Lumumba, Patrice Emergy
Lumumba, Patrice Emergy(pətrēs` ĕmârzhē` lo͞omo͞om`bä), 1925–61, prime minister (1960) of the Republic of the Congo (now the Democratic Republic of the Congo). A member of the Batatele tribe, he was educated in mission schools and later worked as a postal clerk. He became a member of the permanent committee of the All-African Peoples Conference (founded in Accra, 1958) and president of the Congolese National Movement, an influential political party. After the uprising (Jan., 1959) in the Congo, he fled the country to escape arrest but soon returned. Late in 1959, accused of instigating public violence, he was jailed by the Belgians but was released (1960) to participate in the Brussels Congo conference, where he emerged as a leading negotiator. When the Republic of the Congo came into existence (June, 1960) Lumumba was its first premier and minister of defense. Shortly after independence, the army mutinied, the Belgian government flew in troops to protect Belgian citizens, and Katanga province declared its independence. Lumumba appealed for aid to the United Nations, which sent troops to reestablish order. In September, President KasavubuKasavubu, Joseph
, 1917?–1969, African political leader, president of the Republic of the Congo (1960–65, now the Democratic Republic of the Congo). He studied for the Roman Catholic priesthood but did not complete his training.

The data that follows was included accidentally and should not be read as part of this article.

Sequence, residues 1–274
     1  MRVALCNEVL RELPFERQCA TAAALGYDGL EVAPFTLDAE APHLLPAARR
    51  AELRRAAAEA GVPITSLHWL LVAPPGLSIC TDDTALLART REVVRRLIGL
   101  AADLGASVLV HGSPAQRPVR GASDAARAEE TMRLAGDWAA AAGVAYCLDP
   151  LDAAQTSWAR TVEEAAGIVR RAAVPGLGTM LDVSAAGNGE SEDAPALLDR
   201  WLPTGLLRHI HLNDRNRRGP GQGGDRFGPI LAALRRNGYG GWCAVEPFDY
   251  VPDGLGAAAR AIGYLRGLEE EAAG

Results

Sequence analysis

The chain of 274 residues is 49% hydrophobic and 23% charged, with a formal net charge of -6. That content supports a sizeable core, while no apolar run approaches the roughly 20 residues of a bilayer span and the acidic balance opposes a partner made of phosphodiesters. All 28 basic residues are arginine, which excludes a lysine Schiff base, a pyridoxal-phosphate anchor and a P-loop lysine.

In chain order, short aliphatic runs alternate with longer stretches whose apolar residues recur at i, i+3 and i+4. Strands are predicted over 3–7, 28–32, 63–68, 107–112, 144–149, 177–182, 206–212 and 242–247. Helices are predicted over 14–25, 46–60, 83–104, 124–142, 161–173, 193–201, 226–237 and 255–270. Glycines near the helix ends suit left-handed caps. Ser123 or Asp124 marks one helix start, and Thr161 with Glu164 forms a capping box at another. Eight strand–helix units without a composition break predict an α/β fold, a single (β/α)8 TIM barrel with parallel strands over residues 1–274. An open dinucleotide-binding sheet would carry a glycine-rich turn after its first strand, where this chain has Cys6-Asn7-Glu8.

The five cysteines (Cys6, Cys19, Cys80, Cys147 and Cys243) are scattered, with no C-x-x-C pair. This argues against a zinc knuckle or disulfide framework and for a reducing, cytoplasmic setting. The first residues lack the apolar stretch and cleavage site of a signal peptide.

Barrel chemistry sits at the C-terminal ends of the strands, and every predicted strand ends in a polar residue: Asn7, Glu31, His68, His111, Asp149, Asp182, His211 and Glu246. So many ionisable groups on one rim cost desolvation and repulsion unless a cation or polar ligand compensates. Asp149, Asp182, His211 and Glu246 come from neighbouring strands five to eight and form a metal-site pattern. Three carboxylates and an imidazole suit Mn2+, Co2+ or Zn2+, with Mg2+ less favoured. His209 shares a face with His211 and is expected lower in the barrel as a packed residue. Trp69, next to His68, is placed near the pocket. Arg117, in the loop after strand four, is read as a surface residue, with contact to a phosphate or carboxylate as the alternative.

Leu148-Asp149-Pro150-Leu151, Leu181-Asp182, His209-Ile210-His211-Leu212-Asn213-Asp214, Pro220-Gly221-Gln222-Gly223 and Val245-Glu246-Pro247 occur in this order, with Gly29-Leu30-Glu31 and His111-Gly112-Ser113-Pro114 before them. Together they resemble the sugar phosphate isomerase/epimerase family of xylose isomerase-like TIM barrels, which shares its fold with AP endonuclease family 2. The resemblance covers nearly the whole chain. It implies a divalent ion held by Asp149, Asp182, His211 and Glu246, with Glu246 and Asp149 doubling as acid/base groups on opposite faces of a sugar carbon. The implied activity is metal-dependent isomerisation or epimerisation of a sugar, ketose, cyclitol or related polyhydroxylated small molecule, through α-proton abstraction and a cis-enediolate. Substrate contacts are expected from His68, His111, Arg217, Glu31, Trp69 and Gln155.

..... Click the link for more information. , his rival for power, dismissed him as prime minister and he, in turn, dismissed Kasavubu as president. Shortly afterward, Lumumba was put under house arrest by Colonel MobutuMobutu Sese Seko
, 1930–97, president of Zaïre (now the Democratic Republic of the Congo). Born Joseph Désiré Mobutu, he returned from study in Brussels to the then Belgian Congo, joining the nationalist movement in 1956.
..... Click the link for more information. . Lumumba escaped but was recaptured and then flown (Jan., 1961), on orders from Mobutu and Kasavubu, to Katanga, where in February, it was announced that he had been killed. Riots of protest took place in many parts of the world.
See his Congo: My Country (1962) and Lumumba Speaks (ed. by J. van Lierde, tr. 1972); study by T. R. Kanza (1972).